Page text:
Tag Archives: historical fiction

The History of Emily Montague Vol. II, by Frances Moore Brooke

As I rehearsed for this recording, I was inspired by characters from Jane Austen books, movies, and audiobooks, especially Lydia Bennet (Pride and Prejudice), Emma Woodhouse (Emma), Lucy Steele (Sense and Sensibility), and Mary Musgrove (Persuasion). The History of Emily Montague is a novel about courtship during the mid 1700s between silly young girls and awkward gentlemen. Frances Moore Brooke probably influenced Jane Austen’s work, as their lifelines overlapped, and they were both from England, and their writing styles are similar (e.g., characters, issues).

Volume 1 describes the predicament of Emily Montague as she discovers that marrying Sir George Clayton, the man whom her uncle chose for her, might not be in her best interest as she finds herself attracted to Colonel Rivers. Her decision to spend the winter with her friend Arabella Fermor increases her opportunities to distance herself from Sir George and align with Colonel Rivers.

I recorded the letters that Arabella wrote in Volume 2 from the 4-volume set. Most of her correspondence is to her and Emily’s dear friend back in London (Lucy Rivers) who happens to be Colonel Rivers’s sister, and who has her own romantic story to tell. Here are the first two letters from Volume 2.

I am delighted by this story’s turn from Arabella’s immersion in flirting to her describing the Canadian landscape at some length. What an interesting choice of character to do such a job for the author as she was the first European to publish a novel in and about Canada. I am familiar with “one of the noblest works of nature,” which Arabella describes, and am saddened as I think about how it has changed as a result of development, especially in the U.S., particularly from the St. Lawrence Seaway.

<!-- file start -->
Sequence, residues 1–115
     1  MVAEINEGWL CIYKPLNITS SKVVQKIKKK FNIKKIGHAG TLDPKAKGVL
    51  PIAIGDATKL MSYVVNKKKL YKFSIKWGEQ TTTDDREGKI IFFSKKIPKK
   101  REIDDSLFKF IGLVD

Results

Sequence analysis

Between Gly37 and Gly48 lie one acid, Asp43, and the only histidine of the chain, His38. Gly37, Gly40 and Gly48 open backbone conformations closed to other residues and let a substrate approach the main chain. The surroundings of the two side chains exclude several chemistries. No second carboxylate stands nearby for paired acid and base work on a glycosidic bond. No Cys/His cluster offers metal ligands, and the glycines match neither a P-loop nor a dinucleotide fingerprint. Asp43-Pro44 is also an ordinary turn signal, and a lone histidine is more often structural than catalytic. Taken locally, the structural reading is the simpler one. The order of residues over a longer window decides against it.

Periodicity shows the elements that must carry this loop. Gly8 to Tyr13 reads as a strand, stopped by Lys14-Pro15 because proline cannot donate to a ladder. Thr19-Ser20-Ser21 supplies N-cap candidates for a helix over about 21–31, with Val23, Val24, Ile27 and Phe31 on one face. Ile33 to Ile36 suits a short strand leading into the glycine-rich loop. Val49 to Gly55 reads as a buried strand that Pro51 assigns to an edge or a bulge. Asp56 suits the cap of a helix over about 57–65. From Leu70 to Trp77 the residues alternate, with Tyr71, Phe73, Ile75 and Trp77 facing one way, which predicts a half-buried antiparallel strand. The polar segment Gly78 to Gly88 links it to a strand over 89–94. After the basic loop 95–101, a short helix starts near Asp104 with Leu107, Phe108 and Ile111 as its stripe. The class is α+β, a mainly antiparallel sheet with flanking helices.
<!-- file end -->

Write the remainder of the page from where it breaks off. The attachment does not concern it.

Listen to the entire first volume of this book.
Listen to the entire second volume of this book.
Read the entire book.
Listen to all the work that I’ve done for LIbriVox.

This is a LibriVox recording. All LibriVox recordings are in the public domain. For more information, or to volunteer, please visit: librivox.org.

Reblog: Meet Susanne Alleyn’s Main Character

originally posted at:

The “Meet My Main Character” Blog Tour

June 23, 2014
by Susanne Alleyn

WeaverGrace tagged me to continue a tradition of bloggers begun here. Meet My Main Character Blog Tours resemble radio interviews: keep on reading for answers to questions posed to me, and a week or two later for answers to the same questions posed to a couple of other authors whom I’ve selected. This tour asks the authors of works-in-progress (in my case, the sequel to The Executioner’s Heir) to answer questions about the main characters of their historical novels. So, meet my main character . . .

What is the name of your character? Is he/she fictional or a historic person?

Charles-Henri Sanson is my main character, and he was a real person. Born in 1739, he was destined to be the master executioner—maître des hautes œuvres—for the city of Paris in the second half of the 18th century . . . Despite his official title and the “yuck” reaction most of us would have to a professional executioner, Charles Sanson was a decent, compassionate man trying to make the best of a terrible career that he was stuck with because of fate and social pressure . . . He realizes that he can never break away from the profession and title of executioner, and his goal becomes, instead, to be the most honorable and humane man he can be, within the job that he can’t escape, even during the Revolution. . .